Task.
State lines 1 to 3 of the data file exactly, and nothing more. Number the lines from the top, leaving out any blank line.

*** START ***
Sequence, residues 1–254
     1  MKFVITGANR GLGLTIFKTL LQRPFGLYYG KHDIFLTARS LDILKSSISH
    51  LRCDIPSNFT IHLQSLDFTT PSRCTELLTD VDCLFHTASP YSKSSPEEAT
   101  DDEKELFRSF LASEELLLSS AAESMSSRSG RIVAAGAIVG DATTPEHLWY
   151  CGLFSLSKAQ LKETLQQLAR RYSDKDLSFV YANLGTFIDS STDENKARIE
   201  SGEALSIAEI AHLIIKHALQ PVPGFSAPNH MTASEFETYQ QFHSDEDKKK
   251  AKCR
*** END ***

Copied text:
Sequence, residues 1–254
     1  MKFVITGANR GLGLTIFKTL LQRPFGLYYG KHDIFLTARS LDILKSSISH
    51  LRCDIPSNFT IHLQSLDFTT PSRCTELLTD VDCLFHTASP YSKSSPEEAT